According to a recent judgment of the German Federal Supreme Court, refilling of commercial towel dispensers with third party paper towels will often constitute a trademark infringement (German Federal Supreme Court, judgment of October 17, 2018, I ZR 136/17 – Tork).
In the case at hand, the defendant, a manufacturer of paper towels, offered its products as “compatible with Tork towel dispensers”. The owner of the trademark “Tork” viewed this as aiding and abetting to a trademark infringement performed by the persons refilling the dispensers bearing its trademark. The appeal court denied trademark infringing activities. It argued that refilling of the branded dispensers with nondescript third-party paper towels would not adversely affect the trademark’s function of indicating commercial origin. According to the appeal court, the public is nowadays accustomed to the fact that, in the case of a large number of goods, there are basic devices the operation of which requires the use of materials not supplied by the manufacturer of the basic device. In its recent judgment of October 17, 2018, the German Federal Supreme Court, however, sets aside this ruling as legally incorrect.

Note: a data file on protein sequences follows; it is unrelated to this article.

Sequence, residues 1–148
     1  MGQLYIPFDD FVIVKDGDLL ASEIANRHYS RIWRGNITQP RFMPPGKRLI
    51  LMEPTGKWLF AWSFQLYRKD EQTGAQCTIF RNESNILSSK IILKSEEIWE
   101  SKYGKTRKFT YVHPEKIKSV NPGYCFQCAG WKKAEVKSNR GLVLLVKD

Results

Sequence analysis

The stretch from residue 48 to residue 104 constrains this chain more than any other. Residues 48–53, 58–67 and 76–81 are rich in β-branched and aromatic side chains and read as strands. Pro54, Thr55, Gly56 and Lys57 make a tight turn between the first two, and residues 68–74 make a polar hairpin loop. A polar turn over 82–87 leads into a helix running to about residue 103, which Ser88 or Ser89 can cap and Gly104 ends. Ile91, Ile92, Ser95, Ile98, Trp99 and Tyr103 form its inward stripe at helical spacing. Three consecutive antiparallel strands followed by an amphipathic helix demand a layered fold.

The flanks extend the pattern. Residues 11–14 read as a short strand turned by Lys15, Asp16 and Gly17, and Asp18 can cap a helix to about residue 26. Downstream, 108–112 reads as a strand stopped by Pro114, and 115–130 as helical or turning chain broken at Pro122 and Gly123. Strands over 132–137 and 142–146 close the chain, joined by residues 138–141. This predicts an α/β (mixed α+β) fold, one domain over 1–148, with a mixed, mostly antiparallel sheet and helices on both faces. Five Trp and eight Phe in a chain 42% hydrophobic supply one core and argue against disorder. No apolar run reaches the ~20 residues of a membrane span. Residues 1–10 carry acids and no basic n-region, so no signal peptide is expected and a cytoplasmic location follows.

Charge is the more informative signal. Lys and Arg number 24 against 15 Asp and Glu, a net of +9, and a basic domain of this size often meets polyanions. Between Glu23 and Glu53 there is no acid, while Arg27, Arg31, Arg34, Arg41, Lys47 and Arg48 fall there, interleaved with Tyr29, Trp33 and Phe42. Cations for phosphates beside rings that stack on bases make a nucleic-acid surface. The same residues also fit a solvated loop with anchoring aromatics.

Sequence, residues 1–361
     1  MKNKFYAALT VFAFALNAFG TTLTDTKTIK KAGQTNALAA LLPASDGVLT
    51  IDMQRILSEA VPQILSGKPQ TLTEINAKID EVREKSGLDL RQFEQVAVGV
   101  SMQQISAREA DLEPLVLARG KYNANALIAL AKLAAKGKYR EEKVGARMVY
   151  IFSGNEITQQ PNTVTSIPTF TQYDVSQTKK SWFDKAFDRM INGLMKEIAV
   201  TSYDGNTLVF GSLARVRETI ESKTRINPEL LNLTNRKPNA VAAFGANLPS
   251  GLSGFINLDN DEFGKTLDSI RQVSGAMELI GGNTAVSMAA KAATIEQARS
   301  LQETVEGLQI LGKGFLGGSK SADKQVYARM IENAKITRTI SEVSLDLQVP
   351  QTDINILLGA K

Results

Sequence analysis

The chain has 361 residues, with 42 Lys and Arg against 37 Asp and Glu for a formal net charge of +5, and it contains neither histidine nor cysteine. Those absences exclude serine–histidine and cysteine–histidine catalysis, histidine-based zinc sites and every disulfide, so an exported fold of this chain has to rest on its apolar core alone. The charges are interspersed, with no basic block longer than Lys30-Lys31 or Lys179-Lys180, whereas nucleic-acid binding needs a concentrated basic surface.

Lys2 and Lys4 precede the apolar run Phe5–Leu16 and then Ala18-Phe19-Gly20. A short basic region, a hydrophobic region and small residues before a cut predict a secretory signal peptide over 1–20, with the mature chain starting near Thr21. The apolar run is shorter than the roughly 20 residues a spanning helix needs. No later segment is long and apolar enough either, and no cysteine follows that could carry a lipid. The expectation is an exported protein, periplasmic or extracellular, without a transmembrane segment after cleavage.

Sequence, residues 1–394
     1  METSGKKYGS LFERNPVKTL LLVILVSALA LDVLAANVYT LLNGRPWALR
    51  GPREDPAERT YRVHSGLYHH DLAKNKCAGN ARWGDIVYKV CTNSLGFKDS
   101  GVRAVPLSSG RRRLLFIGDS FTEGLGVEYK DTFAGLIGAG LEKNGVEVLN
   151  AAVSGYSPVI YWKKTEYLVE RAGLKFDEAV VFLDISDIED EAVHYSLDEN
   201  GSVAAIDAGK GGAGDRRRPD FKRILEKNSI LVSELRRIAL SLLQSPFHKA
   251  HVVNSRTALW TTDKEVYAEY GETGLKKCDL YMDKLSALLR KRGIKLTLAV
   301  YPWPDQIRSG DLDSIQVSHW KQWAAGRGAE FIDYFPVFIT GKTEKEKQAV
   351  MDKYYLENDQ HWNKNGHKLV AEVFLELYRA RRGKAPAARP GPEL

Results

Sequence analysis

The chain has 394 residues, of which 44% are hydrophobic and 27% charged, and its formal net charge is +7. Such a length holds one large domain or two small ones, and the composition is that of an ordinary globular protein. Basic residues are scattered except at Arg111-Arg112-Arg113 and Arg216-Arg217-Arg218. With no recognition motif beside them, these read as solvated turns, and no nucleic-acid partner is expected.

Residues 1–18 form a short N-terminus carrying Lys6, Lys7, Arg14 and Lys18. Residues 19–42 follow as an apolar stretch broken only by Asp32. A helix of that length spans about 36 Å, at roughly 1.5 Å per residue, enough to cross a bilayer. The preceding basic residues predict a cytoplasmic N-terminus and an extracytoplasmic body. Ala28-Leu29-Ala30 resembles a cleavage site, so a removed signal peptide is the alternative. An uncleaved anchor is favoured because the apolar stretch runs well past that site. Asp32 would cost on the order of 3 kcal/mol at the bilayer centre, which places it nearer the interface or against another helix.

As a starting point, the German Federal Supreme Court finds that, in principle, a trademark infringement exists if a refillable container marked with the trademark of the original manufacturer is refilled with goods from another manufacturer and the public understands the trademark on the container as an indication not only of the commercial origin of the container but also of the commercial origin of the contents. Whether or not this is the case depends on different factors:
- if the refill goods themselves bear a mark recognisable to the public when the goods are used,
- practices in the industry concerned and whether consumers are accustomed to the container being loaded with goods from other manufacturers, and
- if the consumers carry out the filling process themselves.
In the case at hand, the German Federal Supreme Court explained that the facts that (i) the defendant’s paper towels did not bear a clarifying indication of (different) commercial origin, and (ii) the towel dispensers are not filled by the actual users of the towels (but by the operators of the dispensers) clearly speak in favor of trademark infringement.
The German Federal Supreme Court’s reasoning is not limited to commercial paper towel dispensers but apply to each and every branded container used in commerce, which can be refilled with third party contents. The court explicitly mentions printer ink cartridges, vacuum cleaner bags, coffee capsules, razor blades and liquid soap. Its findings would also apply mutatis mutandis to refillable gas cylinders. In order to avoid trademark infringement, the manufacturer/supplier of compatible refill products should therefore at least clearly indicate their different commercial origin by applying its own trademark to the refill materials.